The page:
Using - not abusing - the network

Date posted: 01/06/2016

Some thoughts on how to make best use of and not abuse the network - By Eoin Lyons

In the year between my last two roles I worked on about a half dozen projects as a consultant. I was predominantly building commercial relationships for my clients to enable them to develop a new product or service. Many of my clients operate in the same sector so I frequently bumped into the problem of “network fatigue”.

I found myself  introducing a trusted partner for client A and in rapid succession reaching out to the same partner for client B. On one occasion I can recall meeting a former joint venture partner to talk about two completely different business opportunities. Some of those involved might be reading this!

That’s the nature of consulting and business in general. You’ll be operating in the sectors you are most comfortable with and reaching out to people you've done business with before. Part of our added value will be the relationships we can leverage and relevant introductions we can make.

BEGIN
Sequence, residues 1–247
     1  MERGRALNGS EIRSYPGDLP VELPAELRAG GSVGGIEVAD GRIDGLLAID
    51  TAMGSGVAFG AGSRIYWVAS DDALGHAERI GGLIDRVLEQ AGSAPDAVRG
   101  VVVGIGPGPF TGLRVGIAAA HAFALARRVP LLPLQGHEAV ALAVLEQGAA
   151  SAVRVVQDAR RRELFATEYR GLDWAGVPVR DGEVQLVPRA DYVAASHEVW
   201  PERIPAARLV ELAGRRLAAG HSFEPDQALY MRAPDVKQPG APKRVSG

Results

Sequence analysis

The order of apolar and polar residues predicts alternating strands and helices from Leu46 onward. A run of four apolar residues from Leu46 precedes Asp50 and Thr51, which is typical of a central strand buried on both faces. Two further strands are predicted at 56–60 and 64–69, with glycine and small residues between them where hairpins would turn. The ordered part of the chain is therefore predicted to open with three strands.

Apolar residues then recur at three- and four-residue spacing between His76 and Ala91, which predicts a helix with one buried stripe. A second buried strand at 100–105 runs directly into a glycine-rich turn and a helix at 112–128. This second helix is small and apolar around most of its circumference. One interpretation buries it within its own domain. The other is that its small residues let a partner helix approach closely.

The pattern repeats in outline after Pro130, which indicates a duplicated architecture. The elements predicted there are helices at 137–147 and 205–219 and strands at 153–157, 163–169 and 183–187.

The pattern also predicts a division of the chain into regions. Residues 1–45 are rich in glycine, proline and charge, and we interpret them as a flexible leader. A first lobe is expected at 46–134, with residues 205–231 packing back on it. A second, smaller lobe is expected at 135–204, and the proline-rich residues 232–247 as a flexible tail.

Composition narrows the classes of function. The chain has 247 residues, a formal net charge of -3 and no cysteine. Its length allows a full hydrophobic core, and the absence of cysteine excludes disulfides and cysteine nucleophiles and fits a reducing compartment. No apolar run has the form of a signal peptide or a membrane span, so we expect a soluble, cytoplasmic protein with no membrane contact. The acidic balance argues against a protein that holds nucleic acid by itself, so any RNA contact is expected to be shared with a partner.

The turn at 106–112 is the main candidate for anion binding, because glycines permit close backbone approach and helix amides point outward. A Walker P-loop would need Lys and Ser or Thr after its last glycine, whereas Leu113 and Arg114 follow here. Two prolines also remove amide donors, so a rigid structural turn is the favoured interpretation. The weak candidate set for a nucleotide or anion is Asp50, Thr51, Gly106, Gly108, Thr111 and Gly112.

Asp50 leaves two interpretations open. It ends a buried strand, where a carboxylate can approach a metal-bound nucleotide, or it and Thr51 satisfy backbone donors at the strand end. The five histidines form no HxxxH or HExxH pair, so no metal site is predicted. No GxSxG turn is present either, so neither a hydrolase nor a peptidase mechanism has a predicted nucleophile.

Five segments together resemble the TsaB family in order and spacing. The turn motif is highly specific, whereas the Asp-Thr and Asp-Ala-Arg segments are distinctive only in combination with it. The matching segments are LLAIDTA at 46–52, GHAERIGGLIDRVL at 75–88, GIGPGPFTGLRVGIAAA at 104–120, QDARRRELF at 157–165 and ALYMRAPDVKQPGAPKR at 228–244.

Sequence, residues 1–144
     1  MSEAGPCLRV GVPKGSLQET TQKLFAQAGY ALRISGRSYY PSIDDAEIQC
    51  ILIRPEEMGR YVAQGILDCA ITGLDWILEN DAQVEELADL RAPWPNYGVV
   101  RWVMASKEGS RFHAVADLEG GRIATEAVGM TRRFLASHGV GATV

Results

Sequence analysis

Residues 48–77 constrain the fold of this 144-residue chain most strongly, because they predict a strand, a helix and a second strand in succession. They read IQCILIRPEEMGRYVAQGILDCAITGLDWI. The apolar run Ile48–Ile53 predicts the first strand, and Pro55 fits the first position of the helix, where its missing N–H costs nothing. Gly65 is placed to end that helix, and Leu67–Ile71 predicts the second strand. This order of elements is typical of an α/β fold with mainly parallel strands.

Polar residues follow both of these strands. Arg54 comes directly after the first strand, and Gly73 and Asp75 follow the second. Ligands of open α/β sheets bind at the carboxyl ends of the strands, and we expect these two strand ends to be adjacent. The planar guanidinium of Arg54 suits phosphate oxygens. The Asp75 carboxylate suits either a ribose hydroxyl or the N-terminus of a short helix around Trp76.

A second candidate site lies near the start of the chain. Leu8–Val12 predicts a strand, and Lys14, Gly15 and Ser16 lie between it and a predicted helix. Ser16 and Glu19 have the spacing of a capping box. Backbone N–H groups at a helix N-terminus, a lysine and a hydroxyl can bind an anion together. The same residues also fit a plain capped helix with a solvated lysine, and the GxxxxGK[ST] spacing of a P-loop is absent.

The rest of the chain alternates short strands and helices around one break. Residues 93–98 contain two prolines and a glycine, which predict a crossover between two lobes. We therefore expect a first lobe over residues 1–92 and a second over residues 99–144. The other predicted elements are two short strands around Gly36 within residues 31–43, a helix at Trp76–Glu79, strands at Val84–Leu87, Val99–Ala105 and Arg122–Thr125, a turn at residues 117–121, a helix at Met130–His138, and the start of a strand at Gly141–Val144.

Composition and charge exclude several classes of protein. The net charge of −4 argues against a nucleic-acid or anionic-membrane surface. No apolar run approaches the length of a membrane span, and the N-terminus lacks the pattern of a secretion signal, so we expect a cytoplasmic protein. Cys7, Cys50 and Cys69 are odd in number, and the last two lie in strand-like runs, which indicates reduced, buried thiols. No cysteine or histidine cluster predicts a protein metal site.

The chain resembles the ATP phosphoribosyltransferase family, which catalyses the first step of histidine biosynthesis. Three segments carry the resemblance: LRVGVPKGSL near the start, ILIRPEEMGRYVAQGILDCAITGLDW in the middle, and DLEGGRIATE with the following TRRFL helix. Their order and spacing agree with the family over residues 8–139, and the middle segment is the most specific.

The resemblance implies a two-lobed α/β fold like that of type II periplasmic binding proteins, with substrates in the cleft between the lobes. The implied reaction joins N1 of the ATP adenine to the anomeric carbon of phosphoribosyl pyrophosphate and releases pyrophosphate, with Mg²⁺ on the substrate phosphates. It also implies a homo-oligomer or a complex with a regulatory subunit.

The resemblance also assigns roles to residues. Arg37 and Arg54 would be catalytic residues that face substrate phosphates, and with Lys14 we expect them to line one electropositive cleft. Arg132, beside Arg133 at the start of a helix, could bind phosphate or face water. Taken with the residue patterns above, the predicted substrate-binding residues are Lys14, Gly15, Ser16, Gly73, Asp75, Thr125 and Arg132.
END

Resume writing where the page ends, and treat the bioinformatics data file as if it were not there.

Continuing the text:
This is where the problem can start. If you are knocking on the same doors with the latest great business opportunity you can quickly burn goodwill and lose trust. Of course if your introduction has proven fruitful you’ll be welcomed back with open arms, however, in the real world many constructive conversations don’t necessarily develop into profitable business ventures.

I’m sure many of you have had negative experiences with recruiters who did nothing for you when you were looking for the next opportunity but happily contacted you immediately you’ve secured that great position to offer you candidates. It is a major turn off when you are receiving unsolicited contact or inconsistent messages.

My late Father was a dedicated senior civil servant who always tried to use whatever influence or ideas he had to help people. He was constantly helping people find a simple way to negotiate their way through complex problems as well as putting good people together. It was never about quid pro quo - it was just his natural instinct.

A recent Harvard Business Review paper talks about improving your networking skills. Among many great ideas based on extensive research it suggests a focus on learning and thinking about what you can give in a networking situation.

Adopting this mind-set would appear to point the way to avoid burning through your little black book. What will I learn? How Can I help? Perhaps the key to using and not abusing the network is making it about them and not necessarily you.